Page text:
Sasaki has designed a 180-acre masterplan in Central Florida for what it's calling the “Central Park of Lakeland.” Bonnet Springs Park, situated between Tampa and Orlando, is set to become a major cultural magnet and an ecological jewel of landscape design in the state. The massive site, which is being privately funded by a pair of local philanthropists, has sat vacant for over 30 years and gone through numerous attempts to reuse it. Now, the over-100-year-old former rail yard is being officially transformed with a vision from the Boston-based planning and design consultancy. By restoring the site's natural ecosystems and removing any harmful contaminants from its days as an industrial throughway, Sasaki will revitalize the land into a mega-park that’s safe for all ages. Because 84 acres of the abandoned brownfield contain arsenic and petroleum hydrocarbons, the team plans to stockpile the toxic materials into large, undulating hills, completely altering the land's topography. The architects will also remove invasive exotic plants and construct wetlands and bioswales to treat stormwater runoff. Four new buildings will also be constructed for the park, including the “Bridge Building,” which will be set between two man-made hills and house a children’s museum. Overlooking Lake Bonnet, a nature center will feature classrooms, an exhibitions space, a café, and a boat rental facility so visitors can learn more about the parkland and the freshwater lake itself. An events center and welcome center will additionally be built out for weddings, corporate events, and other large-scale gatherings. An extensive network of walking and biking trails, as well as a sculpture garden and canopy walk will be incorporated into the park’s design as well. This huge community undertaking, backed by a 20-person advisory committee of local advocates, underscores the town's collective dedication to its fast-growing population by providing a new connection to nature and play. Sasaki and the Bonnet Springs Park Board aim for construction completion in 2020.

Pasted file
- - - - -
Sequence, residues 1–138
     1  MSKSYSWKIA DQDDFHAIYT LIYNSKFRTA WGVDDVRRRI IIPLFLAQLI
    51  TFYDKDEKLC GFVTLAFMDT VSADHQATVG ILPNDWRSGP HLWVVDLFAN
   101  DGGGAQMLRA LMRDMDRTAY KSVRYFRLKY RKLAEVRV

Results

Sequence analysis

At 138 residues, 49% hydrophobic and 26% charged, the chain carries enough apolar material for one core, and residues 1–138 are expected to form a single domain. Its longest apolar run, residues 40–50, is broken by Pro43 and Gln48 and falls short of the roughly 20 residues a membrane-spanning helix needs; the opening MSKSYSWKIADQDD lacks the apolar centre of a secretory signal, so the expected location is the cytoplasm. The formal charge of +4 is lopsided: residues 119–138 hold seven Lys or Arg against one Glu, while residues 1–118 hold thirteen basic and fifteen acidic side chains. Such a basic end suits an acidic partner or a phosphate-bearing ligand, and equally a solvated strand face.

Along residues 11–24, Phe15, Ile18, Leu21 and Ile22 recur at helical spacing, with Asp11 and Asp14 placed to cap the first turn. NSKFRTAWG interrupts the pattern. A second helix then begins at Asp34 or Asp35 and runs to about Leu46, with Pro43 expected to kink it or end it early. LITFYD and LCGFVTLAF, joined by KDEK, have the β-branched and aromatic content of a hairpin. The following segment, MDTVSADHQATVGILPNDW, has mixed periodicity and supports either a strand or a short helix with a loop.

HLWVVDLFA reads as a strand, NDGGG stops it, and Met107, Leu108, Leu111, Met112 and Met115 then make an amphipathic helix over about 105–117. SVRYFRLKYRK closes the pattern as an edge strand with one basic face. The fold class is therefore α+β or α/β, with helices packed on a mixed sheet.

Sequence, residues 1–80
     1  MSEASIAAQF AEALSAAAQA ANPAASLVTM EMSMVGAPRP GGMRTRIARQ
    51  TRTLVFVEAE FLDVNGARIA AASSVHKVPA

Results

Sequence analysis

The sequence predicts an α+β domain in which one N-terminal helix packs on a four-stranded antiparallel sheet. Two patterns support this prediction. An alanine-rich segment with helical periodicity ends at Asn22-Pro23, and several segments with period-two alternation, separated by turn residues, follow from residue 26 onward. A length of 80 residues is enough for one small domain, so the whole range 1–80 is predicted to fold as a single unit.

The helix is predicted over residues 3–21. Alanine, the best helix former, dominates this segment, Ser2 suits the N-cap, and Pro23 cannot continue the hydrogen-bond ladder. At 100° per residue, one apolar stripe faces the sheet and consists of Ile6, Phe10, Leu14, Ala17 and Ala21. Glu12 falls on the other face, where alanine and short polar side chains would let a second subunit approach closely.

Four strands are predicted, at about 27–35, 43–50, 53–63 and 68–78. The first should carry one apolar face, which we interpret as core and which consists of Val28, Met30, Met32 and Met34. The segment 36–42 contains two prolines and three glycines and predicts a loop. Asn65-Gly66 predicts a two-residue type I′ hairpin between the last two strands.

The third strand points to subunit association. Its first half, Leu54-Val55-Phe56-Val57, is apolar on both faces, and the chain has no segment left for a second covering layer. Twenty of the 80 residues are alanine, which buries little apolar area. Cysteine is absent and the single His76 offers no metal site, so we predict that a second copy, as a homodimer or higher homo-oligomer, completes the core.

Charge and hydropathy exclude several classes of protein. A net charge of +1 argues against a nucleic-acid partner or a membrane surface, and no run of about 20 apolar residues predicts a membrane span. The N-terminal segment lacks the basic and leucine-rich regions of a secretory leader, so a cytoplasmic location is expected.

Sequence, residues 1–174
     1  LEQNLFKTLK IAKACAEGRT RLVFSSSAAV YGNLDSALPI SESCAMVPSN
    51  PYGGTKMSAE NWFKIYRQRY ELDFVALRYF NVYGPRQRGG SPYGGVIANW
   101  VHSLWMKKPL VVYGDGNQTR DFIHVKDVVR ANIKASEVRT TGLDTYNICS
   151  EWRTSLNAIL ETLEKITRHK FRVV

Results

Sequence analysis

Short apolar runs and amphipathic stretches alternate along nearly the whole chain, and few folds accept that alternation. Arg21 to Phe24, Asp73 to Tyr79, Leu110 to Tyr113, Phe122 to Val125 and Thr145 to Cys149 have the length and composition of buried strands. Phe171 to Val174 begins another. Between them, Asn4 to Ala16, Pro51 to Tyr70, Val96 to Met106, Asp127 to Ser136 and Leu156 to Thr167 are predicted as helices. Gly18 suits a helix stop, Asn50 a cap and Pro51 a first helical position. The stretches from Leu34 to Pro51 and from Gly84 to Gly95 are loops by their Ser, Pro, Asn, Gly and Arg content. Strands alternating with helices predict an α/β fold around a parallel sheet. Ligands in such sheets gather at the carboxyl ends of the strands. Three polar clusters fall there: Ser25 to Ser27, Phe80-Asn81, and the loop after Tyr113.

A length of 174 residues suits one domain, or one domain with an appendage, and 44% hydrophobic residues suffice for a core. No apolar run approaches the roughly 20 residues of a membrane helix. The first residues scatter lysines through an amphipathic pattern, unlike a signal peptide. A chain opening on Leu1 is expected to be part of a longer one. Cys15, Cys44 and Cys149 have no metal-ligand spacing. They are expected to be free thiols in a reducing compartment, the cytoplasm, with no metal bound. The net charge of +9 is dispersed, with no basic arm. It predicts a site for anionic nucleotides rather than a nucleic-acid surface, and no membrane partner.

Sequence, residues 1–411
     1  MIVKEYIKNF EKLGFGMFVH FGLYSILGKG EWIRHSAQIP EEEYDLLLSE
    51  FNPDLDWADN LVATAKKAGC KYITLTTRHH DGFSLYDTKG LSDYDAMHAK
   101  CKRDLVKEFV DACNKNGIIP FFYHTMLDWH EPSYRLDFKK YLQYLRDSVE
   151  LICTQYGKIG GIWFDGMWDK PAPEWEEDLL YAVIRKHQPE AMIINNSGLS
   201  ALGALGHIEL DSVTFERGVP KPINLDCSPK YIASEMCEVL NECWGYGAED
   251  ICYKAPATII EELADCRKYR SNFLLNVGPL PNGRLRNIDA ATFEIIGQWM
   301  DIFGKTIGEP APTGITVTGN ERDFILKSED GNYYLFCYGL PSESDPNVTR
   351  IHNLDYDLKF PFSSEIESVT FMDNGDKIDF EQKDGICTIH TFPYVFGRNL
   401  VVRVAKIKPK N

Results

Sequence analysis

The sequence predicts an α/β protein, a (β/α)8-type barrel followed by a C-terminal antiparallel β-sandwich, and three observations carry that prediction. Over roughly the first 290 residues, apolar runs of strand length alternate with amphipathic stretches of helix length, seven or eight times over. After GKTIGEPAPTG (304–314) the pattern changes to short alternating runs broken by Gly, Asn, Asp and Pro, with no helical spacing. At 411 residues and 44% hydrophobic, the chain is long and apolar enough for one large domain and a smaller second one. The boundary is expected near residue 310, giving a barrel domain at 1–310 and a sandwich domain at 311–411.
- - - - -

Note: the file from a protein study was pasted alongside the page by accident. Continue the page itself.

Posts tagged with "Brownfield Remediation":